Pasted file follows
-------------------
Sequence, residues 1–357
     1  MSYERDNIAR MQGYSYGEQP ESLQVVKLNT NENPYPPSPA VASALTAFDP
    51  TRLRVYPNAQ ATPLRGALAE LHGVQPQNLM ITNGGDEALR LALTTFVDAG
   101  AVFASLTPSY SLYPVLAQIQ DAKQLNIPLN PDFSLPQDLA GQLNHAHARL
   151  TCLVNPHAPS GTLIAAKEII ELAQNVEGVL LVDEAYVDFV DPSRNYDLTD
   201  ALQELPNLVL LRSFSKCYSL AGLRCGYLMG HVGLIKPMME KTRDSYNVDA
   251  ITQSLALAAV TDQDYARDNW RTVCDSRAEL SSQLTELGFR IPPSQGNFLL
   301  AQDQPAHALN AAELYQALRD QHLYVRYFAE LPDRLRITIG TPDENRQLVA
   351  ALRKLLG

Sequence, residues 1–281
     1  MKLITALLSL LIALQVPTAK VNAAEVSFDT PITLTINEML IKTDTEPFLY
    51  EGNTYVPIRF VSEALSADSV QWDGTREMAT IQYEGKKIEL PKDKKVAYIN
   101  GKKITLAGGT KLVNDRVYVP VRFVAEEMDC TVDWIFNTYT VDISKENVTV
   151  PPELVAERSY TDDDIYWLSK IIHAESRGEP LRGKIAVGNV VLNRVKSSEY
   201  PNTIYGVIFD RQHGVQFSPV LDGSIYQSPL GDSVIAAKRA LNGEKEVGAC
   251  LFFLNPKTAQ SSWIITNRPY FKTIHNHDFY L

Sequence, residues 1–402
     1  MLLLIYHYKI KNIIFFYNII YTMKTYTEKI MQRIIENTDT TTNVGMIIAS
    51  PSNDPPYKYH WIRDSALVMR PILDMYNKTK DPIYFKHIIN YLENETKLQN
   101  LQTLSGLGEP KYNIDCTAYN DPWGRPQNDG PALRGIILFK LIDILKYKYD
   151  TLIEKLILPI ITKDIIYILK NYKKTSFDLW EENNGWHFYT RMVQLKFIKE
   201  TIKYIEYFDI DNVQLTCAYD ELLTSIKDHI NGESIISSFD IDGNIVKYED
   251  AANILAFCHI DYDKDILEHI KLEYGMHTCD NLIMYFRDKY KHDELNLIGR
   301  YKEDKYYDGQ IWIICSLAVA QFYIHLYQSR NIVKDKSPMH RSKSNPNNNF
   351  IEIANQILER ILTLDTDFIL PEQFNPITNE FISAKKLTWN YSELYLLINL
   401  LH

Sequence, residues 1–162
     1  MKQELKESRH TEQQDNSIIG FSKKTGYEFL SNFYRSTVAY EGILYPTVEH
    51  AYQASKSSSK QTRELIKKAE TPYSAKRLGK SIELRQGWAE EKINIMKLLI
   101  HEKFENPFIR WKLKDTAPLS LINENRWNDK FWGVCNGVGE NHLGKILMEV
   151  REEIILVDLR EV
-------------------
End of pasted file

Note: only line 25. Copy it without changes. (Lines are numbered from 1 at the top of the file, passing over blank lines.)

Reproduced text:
   351  IEIANQILER ILTLDTDFIL PEQFNPITNE FISAKKLTWN YSELYLLINL